Bio Mimetic Surface Finish for Friction Drag Reduction

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The observed birds gliding flight performance studies indicate that their aerodynamic drag is lower than expected for their flight regime [1], and the best “sailing” birds (condor, vulture, albatross, etc.), have black feathers, a quite unattractive matting attribute...

Also, birds contour feathers barbs and barbules are covered by a nano- scale smooth layer of beta keratin, a substance with large and platelet-shaped molecules, (evolved from the reptiles and dinosaurs scales alpha keratin), and that in the black birds are superimposed over a eumelanin grain layer [2], that besides to provide UV rays protection, contribute to beards surface mechanical properties.

Already in a 1972 “OSTIV” paper [3], the author proposed that fish scales and bird feathers deserved more research, and in a 2018 SAE paper [4], that nanometer scale smooth surfaces, made with large atomic or molecular mass materials, and having low surface energy, by turning more elastic the gas molecules to surface collisions, could reduce gas flows friction drag by creating slip boundary layers, even for continuous flows (Knudsen numbers < 0.01), for which normally “slip” = 0.

Beta keratin possessing the above quoted properties, the present proposal is then a finish consisting of a nano scale smooth external surface nano layer of beta keratin, or with a high content of it, superimposed (or not) on a nano layer containing eumelanin grains, to be applied to surfaces or surface coverings, be then smooth or textured at millimeter or micrometer scale.

In level cruising conditions a subsonic aircraft friction drag represents 50% to 60% of its total drag, and by applying this proposal finish to 40 to 70% of its external surfaces, reductions of 25% to 50% of this friction, 5% to 21% in its fuel consumption and CO2 emissions, and 1% to 6% of its operating costs could be expected [4].

Fig 1 (not to scale), presents a schematic view of a practical example of this finish applied to a plastic or metallic surface coating to be glued onto surfaces that for various reasons such as: size, shape, maintenance and repair etc., a direct application would be difficult or expensive.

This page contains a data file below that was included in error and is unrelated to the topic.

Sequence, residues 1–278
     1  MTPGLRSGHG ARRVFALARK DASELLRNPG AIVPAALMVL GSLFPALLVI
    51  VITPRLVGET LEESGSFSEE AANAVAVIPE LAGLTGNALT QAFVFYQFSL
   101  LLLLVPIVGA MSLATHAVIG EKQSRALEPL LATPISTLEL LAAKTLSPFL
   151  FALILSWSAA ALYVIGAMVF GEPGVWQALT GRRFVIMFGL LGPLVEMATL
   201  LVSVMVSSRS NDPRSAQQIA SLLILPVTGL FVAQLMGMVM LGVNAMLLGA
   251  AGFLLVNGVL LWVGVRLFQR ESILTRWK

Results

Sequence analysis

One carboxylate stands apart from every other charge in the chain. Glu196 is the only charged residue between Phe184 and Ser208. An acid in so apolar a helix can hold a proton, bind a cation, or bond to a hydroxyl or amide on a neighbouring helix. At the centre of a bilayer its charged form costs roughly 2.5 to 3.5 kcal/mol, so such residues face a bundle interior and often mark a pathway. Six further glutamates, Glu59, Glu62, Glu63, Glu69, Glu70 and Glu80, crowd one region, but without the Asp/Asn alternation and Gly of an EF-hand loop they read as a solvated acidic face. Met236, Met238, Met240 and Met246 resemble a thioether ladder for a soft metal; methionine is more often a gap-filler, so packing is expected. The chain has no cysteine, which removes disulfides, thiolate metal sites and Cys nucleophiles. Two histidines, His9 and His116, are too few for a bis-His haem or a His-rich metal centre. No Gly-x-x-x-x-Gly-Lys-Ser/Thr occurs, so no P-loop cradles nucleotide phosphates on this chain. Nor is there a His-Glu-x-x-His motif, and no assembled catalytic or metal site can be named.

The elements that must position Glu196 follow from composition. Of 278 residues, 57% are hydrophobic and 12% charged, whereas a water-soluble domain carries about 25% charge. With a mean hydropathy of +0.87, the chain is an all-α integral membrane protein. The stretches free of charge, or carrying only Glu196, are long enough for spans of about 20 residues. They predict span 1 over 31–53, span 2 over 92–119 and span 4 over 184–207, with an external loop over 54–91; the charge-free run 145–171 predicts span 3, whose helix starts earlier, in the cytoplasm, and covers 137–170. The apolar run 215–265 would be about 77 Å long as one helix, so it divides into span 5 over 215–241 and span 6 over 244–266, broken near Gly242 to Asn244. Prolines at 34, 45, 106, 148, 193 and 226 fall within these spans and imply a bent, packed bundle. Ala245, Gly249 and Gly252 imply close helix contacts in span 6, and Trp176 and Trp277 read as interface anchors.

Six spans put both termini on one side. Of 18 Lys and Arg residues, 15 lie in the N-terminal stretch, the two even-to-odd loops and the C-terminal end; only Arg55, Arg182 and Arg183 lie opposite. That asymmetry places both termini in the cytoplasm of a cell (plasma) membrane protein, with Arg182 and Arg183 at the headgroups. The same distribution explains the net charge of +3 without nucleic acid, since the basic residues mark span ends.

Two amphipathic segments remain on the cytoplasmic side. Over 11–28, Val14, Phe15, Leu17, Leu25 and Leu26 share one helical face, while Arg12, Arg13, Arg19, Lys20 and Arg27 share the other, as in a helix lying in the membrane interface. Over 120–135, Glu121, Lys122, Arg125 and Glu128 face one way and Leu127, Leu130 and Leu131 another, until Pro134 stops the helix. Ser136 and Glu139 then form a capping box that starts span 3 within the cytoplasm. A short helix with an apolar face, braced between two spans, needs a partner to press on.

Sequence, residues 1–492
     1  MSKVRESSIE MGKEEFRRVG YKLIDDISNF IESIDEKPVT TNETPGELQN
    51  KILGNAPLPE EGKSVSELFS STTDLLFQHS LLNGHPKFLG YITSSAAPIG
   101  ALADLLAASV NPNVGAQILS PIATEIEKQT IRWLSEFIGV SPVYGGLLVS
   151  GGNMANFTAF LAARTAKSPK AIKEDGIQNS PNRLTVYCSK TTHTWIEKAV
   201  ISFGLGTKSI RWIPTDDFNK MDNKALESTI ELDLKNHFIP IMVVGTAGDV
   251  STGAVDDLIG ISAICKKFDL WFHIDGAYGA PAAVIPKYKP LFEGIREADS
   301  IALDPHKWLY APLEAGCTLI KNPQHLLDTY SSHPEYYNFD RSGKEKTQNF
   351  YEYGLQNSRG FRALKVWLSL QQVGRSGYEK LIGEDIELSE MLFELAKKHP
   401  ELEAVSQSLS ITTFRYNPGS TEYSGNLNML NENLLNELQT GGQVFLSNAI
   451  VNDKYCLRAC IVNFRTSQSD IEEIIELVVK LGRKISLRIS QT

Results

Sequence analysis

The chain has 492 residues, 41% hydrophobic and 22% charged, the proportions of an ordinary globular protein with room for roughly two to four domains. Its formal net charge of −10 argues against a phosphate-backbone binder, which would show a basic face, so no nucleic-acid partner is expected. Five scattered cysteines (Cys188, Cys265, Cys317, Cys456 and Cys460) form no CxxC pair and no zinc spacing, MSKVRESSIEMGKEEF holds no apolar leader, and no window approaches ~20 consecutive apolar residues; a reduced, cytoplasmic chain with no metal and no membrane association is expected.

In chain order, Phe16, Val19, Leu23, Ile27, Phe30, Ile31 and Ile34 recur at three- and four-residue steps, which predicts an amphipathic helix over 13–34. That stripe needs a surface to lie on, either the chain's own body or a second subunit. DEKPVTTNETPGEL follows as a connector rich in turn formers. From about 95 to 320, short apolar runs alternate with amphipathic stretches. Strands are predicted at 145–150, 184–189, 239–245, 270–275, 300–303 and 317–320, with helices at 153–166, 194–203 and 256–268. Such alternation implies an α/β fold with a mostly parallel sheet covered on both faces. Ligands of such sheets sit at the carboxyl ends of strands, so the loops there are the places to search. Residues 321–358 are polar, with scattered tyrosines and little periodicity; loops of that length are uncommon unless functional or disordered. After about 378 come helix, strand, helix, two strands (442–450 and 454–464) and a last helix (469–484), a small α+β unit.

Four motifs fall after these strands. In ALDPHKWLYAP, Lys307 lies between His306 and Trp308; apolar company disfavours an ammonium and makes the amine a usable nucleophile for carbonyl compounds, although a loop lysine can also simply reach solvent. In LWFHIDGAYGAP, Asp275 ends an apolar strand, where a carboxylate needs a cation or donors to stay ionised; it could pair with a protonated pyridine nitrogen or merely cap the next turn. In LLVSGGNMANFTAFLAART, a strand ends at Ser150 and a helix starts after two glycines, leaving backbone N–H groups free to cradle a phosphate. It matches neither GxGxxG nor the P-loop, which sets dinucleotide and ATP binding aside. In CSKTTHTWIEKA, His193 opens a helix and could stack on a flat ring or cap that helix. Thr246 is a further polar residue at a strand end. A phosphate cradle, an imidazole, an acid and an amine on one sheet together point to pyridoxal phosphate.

The beta keratin and eumelanin finish layers could be obtained through PVD, CVD, “Sputering”, “Langmuir/Blodgett”, Solvation, Self-assembly, etc, organic thin film manufacturing processes, with raw material obtained from the feathers (black ones for eumelanin) from poultry meat industries dejects [5].

This finish could also be applied to internal surfaces of ducts, tubes, and micro channels, to increase their gas transport efficiencies.

The market for the proposed finish is the worldwide aircraft manufacturers, and operators pressed by greenhouse gases emission restrictions.

Obs: “AeroShark”, a shark scales biomimetic surface plastic covering containing grooves (riblets), with millimeter or micrometer sizes is already being used by Lufthansa/Swiss jets with an announced reduction of 1% in fuel consumption and CO2 emissions.

References:

  1. DOI:10.5028/jatm.v8i1.564
  2. DOI: 10.1098/rspb.2010.1637
  3. Some thoughts on nature and sailplane design | OSTIV Publications (sfu.ca)
  4. https://saemobilus.sae.org/content/2018-36-0285/
  5. DOI: 10.1007/s11356-023-25788-x

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  • ABOUT THE ENTRANT

  • Name:
    Francisco Leme Galvao
  • Type of entry:
    individual
  • Profession:
    Engineer/Designer
  • Number of times previously entering contest:
    4
  • Francisco's favorite design and analysis tools:
    Notebook
  • Francisco's hobbies and activities:
    Flying sailplanes
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  • Francisco is inspired by:
    Nature and God
  • Patent status:
    pending